By Matthew Cameron
Matt made a good point over the weekend about the need for Amtrak to put its unfortunately meager budget to wiser use than purchasing expensive, soon-to-be-outdated locomotives. Looking at the issue more broadly, though, the Transportation Department is perhaps the guiltier party because it has failed to address the major underlying issue that is preventing Amtrak as well as various regional commuter rail services from becoming maximally efficient. Specifically, these passenger rail operations are beholden to the powerful freight rail companies that own the vast majority of railroad tracks throughout the United States.
This is problematic for a number of reasons. It means that passenger rail trains can’t travel as rapidly or frequently as they otherwise would because they have to share the tracks with freight trains. The fact that freight rail takes precedence over passenger rail also means delays for the latter service are more common than they should be. Finally, passenger trains have to adhere to stringent federal safety guidelines that are meant to protect passengers from collisions with freight trains. As Amtrak’s latest purchase shows, this drives up the cost of acquiring new cars and locomotives relative to what it would be if passenger trains didn’t have to comply with these regulations.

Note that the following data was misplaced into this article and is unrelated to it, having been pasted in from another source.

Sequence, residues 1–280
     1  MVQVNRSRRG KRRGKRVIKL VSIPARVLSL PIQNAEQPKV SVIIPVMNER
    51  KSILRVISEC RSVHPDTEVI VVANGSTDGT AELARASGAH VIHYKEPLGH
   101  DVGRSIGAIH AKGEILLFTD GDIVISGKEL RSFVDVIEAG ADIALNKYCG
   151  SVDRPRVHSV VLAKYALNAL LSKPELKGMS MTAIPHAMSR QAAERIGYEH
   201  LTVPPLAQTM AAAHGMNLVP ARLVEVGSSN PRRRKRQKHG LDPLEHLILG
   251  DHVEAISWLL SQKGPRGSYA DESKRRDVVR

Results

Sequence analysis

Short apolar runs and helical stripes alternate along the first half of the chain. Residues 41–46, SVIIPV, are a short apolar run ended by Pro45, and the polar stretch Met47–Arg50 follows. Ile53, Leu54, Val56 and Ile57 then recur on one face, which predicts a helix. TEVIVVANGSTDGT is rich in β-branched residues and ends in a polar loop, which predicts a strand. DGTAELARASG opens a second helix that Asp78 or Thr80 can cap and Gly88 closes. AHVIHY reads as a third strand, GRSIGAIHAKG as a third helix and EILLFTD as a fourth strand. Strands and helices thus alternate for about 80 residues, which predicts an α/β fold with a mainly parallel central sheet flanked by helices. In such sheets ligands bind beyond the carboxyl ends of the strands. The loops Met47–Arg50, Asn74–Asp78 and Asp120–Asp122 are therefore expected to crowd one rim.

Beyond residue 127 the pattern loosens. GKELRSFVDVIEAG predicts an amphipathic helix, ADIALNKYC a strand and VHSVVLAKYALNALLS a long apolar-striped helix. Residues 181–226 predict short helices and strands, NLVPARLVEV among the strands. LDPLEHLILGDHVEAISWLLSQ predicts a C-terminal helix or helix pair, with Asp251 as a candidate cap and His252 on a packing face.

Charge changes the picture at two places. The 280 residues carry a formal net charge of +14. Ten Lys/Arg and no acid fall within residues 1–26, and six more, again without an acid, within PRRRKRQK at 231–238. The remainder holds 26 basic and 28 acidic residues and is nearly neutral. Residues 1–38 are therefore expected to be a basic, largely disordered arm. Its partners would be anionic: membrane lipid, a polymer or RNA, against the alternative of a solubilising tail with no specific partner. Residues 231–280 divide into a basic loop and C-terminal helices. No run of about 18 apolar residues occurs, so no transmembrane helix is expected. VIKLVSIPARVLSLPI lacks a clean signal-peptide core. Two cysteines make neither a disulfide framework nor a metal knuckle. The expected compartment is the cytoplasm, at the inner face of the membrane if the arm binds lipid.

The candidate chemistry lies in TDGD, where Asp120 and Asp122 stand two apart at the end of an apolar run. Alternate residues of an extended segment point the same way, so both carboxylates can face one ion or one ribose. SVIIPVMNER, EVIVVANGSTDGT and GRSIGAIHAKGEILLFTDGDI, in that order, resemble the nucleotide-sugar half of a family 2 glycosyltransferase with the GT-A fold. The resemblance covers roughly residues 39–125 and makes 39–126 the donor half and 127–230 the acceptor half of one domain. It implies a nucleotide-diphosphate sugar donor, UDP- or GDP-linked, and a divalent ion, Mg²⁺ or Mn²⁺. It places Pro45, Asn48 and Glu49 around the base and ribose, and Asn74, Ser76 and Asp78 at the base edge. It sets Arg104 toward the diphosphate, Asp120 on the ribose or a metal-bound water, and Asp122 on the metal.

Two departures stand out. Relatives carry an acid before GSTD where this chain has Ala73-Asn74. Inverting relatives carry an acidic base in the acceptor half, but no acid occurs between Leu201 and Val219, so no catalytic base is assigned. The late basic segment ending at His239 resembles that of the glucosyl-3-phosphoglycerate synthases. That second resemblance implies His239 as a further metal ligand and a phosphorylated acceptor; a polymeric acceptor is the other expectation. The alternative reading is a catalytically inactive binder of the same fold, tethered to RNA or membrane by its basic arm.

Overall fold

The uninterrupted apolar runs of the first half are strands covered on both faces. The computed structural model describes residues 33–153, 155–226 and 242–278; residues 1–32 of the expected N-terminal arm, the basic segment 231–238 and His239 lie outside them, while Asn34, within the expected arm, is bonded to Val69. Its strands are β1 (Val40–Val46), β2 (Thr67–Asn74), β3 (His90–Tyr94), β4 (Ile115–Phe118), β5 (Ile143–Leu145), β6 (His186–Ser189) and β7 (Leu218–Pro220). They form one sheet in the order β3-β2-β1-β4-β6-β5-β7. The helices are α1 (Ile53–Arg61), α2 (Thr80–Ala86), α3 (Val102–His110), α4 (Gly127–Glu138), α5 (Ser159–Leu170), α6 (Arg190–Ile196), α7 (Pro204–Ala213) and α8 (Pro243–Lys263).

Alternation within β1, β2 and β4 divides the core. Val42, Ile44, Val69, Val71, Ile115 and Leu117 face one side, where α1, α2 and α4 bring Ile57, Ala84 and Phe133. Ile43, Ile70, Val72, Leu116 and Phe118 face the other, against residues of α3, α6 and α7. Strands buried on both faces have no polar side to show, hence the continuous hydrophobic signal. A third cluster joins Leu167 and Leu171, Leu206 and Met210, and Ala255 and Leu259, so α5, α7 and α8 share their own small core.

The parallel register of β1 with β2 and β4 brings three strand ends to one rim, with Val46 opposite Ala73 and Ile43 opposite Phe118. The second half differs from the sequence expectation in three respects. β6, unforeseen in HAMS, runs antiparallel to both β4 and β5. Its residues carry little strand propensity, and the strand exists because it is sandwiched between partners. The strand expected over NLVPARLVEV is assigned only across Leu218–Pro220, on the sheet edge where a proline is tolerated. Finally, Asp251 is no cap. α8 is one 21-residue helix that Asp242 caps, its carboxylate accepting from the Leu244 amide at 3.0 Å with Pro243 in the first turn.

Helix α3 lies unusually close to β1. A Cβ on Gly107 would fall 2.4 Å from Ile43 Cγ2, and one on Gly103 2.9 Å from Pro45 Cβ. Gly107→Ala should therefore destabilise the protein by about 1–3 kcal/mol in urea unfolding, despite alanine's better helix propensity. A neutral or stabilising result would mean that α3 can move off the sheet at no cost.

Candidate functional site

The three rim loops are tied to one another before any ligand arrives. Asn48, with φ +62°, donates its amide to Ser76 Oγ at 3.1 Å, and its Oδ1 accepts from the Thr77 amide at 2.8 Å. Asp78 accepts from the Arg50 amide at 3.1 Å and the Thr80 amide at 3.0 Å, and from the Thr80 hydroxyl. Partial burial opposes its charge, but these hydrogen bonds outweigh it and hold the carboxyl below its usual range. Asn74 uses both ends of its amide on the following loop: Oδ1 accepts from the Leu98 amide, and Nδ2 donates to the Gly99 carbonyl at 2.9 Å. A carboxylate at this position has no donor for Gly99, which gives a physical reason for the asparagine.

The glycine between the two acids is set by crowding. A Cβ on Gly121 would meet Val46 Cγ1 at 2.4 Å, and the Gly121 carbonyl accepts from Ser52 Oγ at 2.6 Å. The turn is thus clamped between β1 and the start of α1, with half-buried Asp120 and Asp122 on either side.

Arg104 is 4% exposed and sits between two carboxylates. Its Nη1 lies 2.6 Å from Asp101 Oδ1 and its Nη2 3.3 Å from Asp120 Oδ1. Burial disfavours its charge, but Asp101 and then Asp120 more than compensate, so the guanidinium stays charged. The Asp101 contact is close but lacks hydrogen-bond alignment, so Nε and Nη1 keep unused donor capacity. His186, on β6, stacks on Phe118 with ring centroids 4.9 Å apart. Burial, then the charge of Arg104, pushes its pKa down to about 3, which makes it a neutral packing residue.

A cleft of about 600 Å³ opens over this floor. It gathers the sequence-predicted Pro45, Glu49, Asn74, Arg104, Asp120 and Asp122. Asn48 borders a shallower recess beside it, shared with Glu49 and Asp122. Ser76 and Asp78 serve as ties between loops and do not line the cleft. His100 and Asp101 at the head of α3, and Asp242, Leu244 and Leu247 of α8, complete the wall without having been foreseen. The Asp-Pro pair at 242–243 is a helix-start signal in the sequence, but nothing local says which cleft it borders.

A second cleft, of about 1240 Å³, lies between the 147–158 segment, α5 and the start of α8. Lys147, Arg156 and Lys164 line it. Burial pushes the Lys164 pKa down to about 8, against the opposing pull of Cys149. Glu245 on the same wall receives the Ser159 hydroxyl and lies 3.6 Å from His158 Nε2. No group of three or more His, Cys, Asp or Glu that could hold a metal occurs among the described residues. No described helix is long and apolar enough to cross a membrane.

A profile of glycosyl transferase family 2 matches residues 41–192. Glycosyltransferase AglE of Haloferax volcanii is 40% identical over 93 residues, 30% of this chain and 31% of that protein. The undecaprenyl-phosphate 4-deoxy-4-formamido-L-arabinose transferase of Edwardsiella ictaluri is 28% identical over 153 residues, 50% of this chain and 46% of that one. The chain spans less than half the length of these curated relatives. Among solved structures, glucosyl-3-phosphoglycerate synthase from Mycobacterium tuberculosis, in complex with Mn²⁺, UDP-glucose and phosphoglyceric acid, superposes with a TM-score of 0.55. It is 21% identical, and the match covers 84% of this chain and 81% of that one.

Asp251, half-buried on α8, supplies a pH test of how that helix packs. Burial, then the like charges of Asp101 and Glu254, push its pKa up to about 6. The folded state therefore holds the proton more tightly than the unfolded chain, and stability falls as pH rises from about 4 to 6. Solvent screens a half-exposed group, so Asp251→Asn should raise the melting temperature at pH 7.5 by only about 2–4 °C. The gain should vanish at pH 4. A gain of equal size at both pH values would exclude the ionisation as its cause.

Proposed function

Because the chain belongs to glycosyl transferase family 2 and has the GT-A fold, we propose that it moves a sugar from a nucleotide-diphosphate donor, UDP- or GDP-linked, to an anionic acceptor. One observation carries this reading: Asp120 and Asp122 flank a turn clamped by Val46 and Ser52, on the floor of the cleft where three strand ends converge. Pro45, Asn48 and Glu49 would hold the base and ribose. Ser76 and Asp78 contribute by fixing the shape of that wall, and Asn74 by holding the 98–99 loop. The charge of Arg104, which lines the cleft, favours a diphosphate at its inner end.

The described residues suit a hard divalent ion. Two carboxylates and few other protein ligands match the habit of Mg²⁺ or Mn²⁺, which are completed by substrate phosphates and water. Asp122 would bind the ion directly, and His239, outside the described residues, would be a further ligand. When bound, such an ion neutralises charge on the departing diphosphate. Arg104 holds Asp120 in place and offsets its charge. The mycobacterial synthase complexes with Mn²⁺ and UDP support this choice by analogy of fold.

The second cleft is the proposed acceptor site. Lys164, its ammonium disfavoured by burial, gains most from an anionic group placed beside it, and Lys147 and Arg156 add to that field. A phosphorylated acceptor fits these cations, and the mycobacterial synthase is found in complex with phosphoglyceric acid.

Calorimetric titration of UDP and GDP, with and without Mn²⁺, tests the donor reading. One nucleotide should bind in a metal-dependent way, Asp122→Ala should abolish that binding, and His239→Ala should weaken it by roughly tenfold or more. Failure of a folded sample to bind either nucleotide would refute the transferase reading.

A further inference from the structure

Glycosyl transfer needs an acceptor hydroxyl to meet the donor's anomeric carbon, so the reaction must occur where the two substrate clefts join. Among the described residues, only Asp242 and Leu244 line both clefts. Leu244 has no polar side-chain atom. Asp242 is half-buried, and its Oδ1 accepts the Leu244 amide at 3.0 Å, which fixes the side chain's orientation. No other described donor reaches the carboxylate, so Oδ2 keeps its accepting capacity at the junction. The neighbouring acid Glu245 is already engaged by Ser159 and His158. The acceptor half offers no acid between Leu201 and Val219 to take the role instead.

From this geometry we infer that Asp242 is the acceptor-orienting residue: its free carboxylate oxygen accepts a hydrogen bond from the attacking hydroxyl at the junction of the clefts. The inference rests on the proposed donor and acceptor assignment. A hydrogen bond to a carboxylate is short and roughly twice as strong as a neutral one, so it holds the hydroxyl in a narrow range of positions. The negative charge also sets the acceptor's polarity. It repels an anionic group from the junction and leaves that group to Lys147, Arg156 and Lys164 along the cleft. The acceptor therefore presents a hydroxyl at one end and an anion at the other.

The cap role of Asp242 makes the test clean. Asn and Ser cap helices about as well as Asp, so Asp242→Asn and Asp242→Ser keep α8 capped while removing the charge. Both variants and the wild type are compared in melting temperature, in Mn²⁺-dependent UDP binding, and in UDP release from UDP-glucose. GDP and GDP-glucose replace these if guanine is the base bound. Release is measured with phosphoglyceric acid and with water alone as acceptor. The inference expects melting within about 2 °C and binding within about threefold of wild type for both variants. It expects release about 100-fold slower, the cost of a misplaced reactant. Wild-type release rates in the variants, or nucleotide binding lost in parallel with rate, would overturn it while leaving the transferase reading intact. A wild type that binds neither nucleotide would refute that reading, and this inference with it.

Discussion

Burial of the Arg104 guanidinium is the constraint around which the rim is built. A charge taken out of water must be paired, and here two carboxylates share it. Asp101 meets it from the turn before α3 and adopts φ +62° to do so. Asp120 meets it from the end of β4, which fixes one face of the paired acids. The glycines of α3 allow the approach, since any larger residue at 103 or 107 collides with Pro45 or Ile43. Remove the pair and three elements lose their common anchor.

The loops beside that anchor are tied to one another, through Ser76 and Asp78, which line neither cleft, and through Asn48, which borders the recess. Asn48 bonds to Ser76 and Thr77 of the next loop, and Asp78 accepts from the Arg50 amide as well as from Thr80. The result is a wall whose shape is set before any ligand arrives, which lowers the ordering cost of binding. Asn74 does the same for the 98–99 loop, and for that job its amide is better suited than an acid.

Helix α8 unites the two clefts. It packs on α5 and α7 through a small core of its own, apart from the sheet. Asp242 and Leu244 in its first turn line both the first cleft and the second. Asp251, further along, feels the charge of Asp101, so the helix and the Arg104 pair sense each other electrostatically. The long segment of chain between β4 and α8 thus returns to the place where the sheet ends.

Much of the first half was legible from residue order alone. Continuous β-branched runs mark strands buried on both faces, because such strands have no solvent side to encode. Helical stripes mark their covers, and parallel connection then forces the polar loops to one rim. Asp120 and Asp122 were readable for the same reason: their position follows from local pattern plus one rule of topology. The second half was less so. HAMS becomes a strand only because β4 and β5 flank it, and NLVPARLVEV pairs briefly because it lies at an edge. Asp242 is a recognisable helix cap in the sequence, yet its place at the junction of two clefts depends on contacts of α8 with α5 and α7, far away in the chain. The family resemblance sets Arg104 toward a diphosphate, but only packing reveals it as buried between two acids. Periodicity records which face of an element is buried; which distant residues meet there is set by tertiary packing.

Rather than continuing to pay for these overpriced passenger trains that will still get second-class treatment on freight-owned rail lines, the Transportation Department could support the construction of dedicated passenger rail tracks in certain high-volume areas. The Virginia Department of Rail and Public Transportation’s 2008 Statewide Rail Plan (PDF), for example, estimates it would cost about $5 million to $6 million per mile to construct an additional set of tracks along the 110-mile Richmond-Washington corridor, which would amount to roughly the same amount of money that DOT is loaning to Amtrak. Although it doesn’t include the hefty cost of land acquisition, it could draw matching funds from the state and eventually produce the infrastructure needed to support decent passenger rail service.